Chapter 13 Lawyer in Las Vegas
A Chapter 13 Bankruptcy is designed to help people reorganize their debt. What this means, is that a person who files a Chapter 13 bankruptcy proposes a plan to the Court. This plan tells the Court and Creditors who are going to get paid, how much they are going to get paid, what assets are going to be kept, and what assets are going to be surrendered. You make a payment every month to a Court Appointed Trustee, and the trustee sends the money to where your plan says it should go. There are very specific rules about what a plan can and cannot do, which is why it is important to get an attorney who knows what the rules are.
A Chapter 13 Bankruptcy Can Help You Do the Following:
1. Save Your House. In a Chapter 13 bankruptcy, if you are behind on your house payments but you want to keep your house, you can save your home. In Nevada, you have two ways to save your house. You can propose a plan payment to the Trustee which will resume your normal monthly payments and include additional money to catch-up on your arrears. You can propose to repay the arrears over an up to a 5 year period of time, and your lender cannot foreclose on you while you are making payments. The second option is to use the Bankruptcy Courts Mortgage Modification Mediation Program, to try to negotiate a loan modification with your lender. So far, success rates in modification have been about 70%
2. Keep Your Car. If you are behind on car payments, a Chapter 13 can give you a chance to catch up. In some circumstances, you may even be able to extend the amount of time to pay off your car, so you can reduce payments. Often you can change or modify the interest rate to something more reasonable. And in some cases, you can even reduce what you owe on the car to the fair market value of the vehicle, and pay just what the car is worth, at a low-interest rate, over a 3-5 year period of time. This is true whether you owe money to a dealership, a bank, or have a car title loan. A Chapter 13 can help you keep your car if you are struggling with payments
3. Repay The IRS. Anyone who has ever owed the IRS money knows their collection efforts can be brutal. And with penalties and interest constantly running against any amount you owe, it can seem like you will never get them paid. In a Chapter 13 plan, you can stop the penalties and often the interest, you can often reduce the total amount you owe the IRS, and you can get them paid off in a 3-5 year period. There are various options for dealing with the IRS in a Chapter 13 Bankruptcy.
4. Consolidate And Reduce Debt. At Crosby & Fox, we understand how quickly credit card debt can become a quicksand trap. Missing a payment on one card can trigger universal default provisions on all of your credit cards. Interest rates increase, available balances decrease, it becomes harder to keep up on payments, which means more default and it continues to become harder and harder. In a Chapter 13 bankruptcy, you can consolidate all of your unsecured debt, including credit cards, medical bills, and personal loans. You can stop the interest from running. And you can propose to repay only what you can afford to repay. In most cases, that means you only have to repay a fraction of your debt, and in some cases, you may not have to pay anything to your unsecured debt.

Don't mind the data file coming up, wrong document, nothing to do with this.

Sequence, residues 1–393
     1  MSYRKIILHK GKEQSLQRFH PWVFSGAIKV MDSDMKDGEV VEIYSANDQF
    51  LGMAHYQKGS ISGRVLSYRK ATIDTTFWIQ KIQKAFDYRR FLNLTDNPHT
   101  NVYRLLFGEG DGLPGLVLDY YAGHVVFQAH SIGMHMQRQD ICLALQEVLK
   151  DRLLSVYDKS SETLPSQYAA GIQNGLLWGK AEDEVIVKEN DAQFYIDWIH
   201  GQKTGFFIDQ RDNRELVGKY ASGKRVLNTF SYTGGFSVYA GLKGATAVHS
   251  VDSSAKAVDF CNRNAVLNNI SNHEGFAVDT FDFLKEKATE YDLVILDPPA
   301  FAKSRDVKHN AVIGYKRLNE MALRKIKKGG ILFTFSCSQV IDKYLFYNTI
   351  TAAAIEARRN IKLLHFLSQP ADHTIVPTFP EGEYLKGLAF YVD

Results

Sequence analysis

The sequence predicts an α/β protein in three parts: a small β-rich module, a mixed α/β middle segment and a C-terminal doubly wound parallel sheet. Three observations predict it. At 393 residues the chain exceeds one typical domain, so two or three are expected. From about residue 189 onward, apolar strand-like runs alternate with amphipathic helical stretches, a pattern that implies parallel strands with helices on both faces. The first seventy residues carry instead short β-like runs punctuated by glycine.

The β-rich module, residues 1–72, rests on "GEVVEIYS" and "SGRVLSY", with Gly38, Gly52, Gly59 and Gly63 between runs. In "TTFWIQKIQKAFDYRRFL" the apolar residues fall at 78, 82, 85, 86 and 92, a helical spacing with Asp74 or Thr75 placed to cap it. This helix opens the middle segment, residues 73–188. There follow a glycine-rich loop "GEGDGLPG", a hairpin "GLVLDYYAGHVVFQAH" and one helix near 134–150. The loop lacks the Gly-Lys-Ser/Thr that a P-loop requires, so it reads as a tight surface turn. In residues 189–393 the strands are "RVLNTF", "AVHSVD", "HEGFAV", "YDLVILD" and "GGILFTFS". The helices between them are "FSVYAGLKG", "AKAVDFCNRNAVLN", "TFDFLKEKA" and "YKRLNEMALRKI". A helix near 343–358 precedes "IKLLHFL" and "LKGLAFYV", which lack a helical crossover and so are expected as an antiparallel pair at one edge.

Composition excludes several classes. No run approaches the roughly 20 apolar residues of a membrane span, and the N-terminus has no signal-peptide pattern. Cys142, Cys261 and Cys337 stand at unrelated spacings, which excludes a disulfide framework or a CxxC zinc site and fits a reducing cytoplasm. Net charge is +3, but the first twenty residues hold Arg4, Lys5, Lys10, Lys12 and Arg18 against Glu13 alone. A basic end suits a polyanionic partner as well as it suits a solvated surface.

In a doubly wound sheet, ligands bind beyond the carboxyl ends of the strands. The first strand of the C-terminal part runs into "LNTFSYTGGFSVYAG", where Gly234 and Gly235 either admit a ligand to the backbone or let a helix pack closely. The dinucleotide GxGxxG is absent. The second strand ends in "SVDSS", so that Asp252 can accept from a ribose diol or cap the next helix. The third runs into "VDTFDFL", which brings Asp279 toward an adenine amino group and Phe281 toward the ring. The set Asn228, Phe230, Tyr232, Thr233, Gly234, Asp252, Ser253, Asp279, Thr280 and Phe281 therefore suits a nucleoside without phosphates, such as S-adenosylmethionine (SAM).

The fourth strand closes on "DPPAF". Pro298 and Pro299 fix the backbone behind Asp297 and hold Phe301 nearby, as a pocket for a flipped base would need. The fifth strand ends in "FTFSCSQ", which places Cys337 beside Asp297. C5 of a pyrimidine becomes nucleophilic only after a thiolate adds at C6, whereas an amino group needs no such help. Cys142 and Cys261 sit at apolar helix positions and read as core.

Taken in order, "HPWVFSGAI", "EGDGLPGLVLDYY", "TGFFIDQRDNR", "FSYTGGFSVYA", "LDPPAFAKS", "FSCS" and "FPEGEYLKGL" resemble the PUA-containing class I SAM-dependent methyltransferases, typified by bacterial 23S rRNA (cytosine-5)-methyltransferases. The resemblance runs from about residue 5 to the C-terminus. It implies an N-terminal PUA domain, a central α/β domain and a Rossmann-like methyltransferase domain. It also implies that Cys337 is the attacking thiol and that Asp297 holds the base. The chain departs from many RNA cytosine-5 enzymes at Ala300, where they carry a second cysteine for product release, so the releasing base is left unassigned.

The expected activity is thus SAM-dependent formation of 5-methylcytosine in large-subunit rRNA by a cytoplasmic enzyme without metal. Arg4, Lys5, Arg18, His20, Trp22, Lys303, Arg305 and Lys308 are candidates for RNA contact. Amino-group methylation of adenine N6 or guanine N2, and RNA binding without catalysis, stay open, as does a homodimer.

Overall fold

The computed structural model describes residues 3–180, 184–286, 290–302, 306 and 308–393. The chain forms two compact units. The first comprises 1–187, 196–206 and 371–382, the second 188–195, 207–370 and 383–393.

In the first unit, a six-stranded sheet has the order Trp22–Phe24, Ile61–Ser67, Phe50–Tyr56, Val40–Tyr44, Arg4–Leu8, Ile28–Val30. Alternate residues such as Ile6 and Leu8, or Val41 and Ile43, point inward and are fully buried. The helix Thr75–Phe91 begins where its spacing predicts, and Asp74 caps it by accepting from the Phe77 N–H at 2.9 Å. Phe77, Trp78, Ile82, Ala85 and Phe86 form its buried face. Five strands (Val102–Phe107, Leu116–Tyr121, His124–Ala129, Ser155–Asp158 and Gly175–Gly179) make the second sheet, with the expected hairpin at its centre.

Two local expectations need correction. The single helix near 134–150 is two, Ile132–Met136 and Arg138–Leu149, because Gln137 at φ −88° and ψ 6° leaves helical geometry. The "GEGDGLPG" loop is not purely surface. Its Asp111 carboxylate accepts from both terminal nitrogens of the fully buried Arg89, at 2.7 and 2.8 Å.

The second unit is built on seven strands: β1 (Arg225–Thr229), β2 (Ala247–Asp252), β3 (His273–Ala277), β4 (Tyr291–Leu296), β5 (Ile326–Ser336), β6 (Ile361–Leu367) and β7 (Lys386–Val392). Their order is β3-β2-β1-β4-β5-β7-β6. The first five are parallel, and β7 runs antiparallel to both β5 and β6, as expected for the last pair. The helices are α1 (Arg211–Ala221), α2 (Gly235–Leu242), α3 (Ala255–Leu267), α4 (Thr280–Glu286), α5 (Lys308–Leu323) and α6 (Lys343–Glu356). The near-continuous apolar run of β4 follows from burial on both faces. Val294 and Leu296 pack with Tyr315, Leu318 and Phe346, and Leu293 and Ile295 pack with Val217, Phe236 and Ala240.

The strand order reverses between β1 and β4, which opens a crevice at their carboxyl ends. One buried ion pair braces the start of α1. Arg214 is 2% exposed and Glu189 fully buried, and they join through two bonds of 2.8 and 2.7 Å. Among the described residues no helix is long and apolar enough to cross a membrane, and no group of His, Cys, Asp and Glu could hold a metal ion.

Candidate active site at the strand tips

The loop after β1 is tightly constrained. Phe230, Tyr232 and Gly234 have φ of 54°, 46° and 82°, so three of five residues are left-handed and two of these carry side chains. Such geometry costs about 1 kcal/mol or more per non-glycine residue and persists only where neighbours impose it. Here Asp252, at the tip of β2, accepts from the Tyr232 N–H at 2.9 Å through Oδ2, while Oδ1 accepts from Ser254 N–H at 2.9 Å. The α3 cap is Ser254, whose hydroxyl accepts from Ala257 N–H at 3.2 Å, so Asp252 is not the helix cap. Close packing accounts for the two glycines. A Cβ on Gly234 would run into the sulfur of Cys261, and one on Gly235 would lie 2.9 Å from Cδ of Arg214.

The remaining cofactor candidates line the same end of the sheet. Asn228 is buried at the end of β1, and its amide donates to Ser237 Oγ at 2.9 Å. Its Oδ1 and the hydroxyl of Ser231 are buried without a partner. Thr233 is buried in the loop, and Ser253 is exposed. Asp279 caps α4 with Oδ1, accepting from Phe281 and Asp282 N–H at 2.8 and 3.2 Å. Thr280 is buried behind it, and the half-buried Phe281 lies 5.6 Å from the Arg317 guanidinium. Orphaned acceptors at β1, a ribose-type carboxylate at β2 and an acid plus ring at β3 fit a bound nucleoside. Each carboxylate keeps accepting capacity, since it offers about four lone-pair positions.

There are many more things that you can do in a Chapter 13 case. You can deal with rental property, keep additional automobiles, eliminate second mortgages, and much more. Chapter 13 is more than just getting rid of debt, it is restructuring your finances so that you can move forward in your life to have a successful financial future.
There Are Limits In Chapter 13
While a Chapter 13 is good for addressing many debts, there are limits.
1. There is a Limit to the Amount of Secured and Unsecured Debt you can have. Currently those limits are $1,257,850 in Secured Debt and $419,275 in Unsecured Debt.
2. If you are in arrears on a house, care or other property, but you want to keep the property, you have to pay all of the arrears back through the plan.
3. If you are behind on your house or car payments, you have to make the ongoing payments through the Chapter 13 Trustee, and incur the additional Trustee Tax, calculated at 10%
4. Typically the IRS will not negotiate with you while you are in a Chapter 13. This means that whatever Priority Amount you owe, you will have to pay. You will likely need to talk to an attorney to determine what your Priority Amount is, which still may be less than the total amount you owe them.
5 . In a Chapter 13 you are limited to a 5 year plan. This means any amount you have to pay back, has to be done over no more than 60 total months.